More burnout complaints since the pandemic, but does this exist in Spain?

by Lorraine Williamson

Four in ten Spaniards admit to having burnout complaints since the pandemic. Adecco examined the mental health of more than 14,800 employees worldwide, and Spain scores quite high. Yet burnout still seems taboo in Spanish culture. 

The corona pandemic has already claimed many victims, including more than 88,000 deaths. It is now also clear that the pandemic is not just about death or life. 37% of Spaniards say they have suffered from burnout complaints since the start of the pandemic. This is according to a research report by Adecco. Furthermore, this is 5% higher than the world average. 

Many factors take a toll on Spanish workers 

Between May 2020 and June 2021, Adecco conducted this survey among more than 14,800 employees in 25 countries around the world. According to the report ‘Resetting Normal: Defining the New Era Of Work 2021‘, several factors play a role in these complaints: the stress and the fear of becoming infected, that you or one of your loved ones could die from the virus, working from home, the workload, the imbalance between work and private life, and all this in combination with the uncertain economic situation take their toll on many working Spaniards. 

Mental complaints of all times 

However, according to the director of Adecco, this problem is not new. Psychosocial problems occur in all kinds of organisations and many old problems and ingrained habits have already been adapted for more work-life balance. The report therefore not only provides insights into how employees are now but also shows the views of employees in different countries about the work situation during and after the pandemic.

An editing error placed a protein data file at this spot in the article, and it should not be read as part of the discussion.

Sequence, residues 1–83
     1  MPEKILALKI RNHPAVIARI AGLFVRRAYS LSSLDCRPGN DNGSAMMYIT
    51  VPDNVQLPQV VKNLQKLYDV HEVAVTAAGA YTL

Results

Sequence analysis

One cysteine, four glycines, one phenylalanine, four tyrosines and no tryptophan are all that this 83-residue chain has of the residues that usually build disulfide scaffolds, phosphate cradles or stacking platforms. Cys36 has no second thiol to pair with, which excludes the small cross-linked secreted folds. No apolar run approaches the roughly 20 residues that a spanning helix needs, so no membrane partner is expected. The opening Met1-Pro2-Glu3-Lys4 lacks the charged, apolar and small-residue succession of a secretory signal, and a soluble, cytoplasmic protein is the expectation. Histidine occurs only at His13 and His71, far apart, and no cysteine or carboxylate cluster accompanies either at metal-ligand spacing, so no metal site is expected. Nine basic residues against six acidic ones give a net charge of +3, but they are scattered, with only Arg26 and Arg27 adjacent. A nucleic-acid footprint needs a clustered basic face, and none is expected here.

Spanish workers not hopeful about future work situation 

Employees expect companies to take appropriate measures to contribute to greater well-being at work. Nevertheless, 64% of Spaniards say their managers “don’t have the skills to make this happen”. 

Only 14% expect their employer to provide burnout prevention support in the future. Finally, 34% of Spanish workers say they would consider changing jobs if their employer doesn’t offer more flexibility. 

Vision on burnout among Spaniards 

Although such a large proportion of Spanish employees indicate that they suffer from mental complaints, the proportion of Spaniards who are at home with burnout still seems to be a lot smaller than in the Netherlands, for example. For example, the Dutch journalist Carlijn Teeven from Barcelona wrote a piece in 2019 about why no one in Spain seems to have burnout and spoke to various experts about this. 

Teeven explains that Spaniards work hard and work long hours and are aware of work stress. In addition, wages in Spain are a lot lower, which means that Spaniards have to work more to pay the costs. Spaniards simply cannot afford to sit at home for a period of time. 

Burnout in Spain also seems to be a taboo. Many Spaniards do not dare to talk about mental complaints because they are afraid of losing their job if they show signs that they cannot cope with the work. 

Related article: Stress awareness in difficult times


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